As health professionals seek to prepare a diverse workforce, it is essential that unnecessary barriers to learning be removed. By incorporating Universal Design for Learning (UDL) principles during the curriculum development process, we can provide flexibility and allow learners to customize their learning experiences to meet their individual needs. In his article Twelve tips for Designing an Inclusive Curriculum in Medical Education Using Universal Design for Learning (UDL) Principles,
Dr. Karl Luke provides a framework for designing and implementing an inclusive curriculum based on three principles:
- Multiple means of representation: Using a variety of strategies to present information; providing a range of methods to support perception and comprehension.
- Multiple means of action and expression: Providing diverse learners with alternative ways to act competently; providing alternatives for demonstrating what learners have learned.
- Multiple means of engagement: Aligning to learners’ interests by offering choices of modality, content, and tools; optimizing relevance, value, and authenticity; motivating learners by offering variable levels of challenge and effective feedback.
Dr. Luke also suggests leveraging technology to present information in multiple forms, while stressing the importance of considering accessibility before implementing any technology. He suggests several useful techniques for including diverse voices, such as including learners in the development process and representing diverse patients in educational material. Dr. Luke articulates the value of transparency in assignments and variety in assessment. He suggests the importance of developing learning goals that encourage all learners to have equitable and flexible opportunities to develop and express knowledge and competence. In the twelfth tip, Dr. Luke provides links to UDL checklists that can be useful when contemplating UDL and deciding the UDL strategies to prioritize.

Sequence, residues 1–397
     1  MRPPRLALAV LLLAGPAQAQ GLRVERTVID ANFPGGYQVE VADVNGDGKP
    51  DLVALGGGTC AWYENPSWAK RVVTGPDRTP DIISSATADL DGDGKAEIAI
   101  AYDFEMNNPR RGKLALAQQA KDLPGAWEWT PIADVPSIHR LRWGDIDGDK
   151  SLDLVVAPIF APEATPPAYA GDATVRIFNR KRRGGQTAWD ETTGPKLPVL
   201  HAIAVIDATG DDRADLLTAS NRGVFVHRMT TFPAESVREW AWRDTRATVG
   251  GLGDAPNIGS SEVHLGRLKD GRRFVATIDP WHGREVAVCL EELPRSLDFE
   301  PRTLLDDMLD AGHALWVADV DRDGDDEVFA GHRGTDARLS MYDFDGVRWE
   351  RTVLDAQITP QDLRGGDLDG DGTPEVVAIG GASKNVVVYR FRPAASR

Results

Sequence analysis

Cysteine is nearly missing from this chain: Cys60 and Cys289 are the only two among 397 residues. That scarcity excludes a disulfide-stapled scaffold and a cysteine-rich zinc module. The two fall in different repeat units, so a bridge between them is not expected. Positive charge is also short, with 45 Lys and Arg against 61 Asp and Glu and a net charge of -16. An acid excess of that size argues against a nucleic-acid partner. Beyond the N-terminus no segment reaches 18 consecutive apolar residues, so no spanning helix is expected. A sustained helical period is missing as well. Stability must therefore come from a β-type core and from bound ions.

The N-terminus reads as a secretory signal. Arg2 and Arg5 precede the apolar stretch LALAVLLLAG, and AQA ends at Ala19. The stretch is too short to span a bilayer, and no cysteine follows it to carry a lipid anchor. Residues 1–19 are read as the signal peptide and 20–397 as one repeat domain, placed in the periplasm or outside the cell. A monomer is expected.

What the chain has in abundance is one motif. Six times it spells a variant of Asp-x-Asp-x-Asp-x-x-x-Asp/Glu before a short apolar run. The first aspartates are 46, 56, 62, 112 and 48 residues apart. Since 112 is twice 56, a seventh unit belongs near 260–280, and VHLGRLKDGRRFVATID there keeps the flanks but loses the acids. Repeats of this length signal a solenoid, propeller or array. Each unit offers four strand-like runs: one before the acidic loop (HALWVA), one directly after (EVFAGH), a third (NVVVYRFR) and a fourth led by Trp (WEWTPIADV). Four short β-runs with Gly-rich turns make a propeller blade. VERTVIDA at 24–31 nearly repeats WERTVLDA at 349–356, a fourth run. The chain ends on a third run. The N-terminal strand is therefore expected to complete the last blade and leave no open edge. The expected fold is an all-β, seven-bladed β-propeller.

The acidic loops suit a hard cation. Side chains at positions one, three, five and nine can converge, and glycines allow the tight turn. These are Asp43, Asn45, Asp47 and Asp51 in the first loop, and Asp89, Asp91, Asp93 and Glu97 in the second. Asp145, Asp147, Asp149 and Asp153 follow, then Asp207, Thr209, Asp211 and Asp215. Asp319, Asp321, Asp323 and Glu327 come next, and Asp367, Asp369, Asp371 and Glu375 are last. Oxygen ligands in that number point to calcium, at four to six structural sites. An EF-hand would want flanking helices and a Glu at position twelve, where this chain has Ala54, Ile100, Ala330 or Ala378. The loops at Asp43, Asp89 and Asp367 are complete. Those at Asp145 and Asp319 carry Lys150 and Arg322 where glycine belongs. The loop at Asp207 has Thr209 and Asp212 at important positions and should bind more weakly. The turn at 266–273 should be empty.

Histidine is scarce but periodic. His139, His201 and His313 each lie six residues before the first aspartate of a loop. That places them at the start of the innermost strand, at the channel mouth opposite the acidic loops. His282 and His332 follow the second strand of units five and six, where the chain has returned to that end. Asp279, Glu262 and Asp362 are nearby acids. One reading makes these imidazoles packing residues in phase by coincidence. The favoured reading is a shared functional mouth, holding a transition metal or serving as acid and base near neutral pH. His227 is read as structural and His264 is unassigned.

Larry Hurtubise, MA (2.0, ’16) is a Curriculum and Instruction Consultant at the Michael V. Drake Institute for Teaching and Learning at The Ohio State University. Larry’s areas of professional interest include the professional development of clinician educators, health professions education research and educational technology. Larry can be followed on Twitter or contacted via email.
Jean Bailey, PhD – Virginia Commonwealth University School of Medicine
Carrie Bowler, EdD, MS, MLSCM (ASCP) – Mayo Clinic
Kristina Dzara, PhD, MMSc (Educators ’16; Assessment ’16; HCE 2.0 ’17) – Saint Louis University School of Medicine
Shanu Gupta, MD – University of South Florida and Tampa General Hospital
Jennifer Hillyer, PhD – Northeast Ohio Medical University College of Medicine
Larry Hurtubise, PhD (HCE 2.0 '16) – The Ohio State University
Anna Lama, EdD – West Virginia School of Medicine
Machelle Linsenmeyer, EdD, NAOME (Assessment ’07) – West Virginia School of Osteopathic Medicine
Rachel Moquin, EdD, MA – Washington University School of Medicine in St. Louis
Stacey Pylman, PhD – Michigan State University College of Human Medicine
Leah Sheridan, PhD – The Ohio University Heritage College of Osteopathic Medicine
Lonika Sood, MBBS, MHPE – Elson S. Floyd College of Medicine, Washington State University
Mark Terrell, EdD – Lake Erie College of Osteopathic Medicine
Stacey Wahl, PhD – Virginia Commonwealth University School of Medicine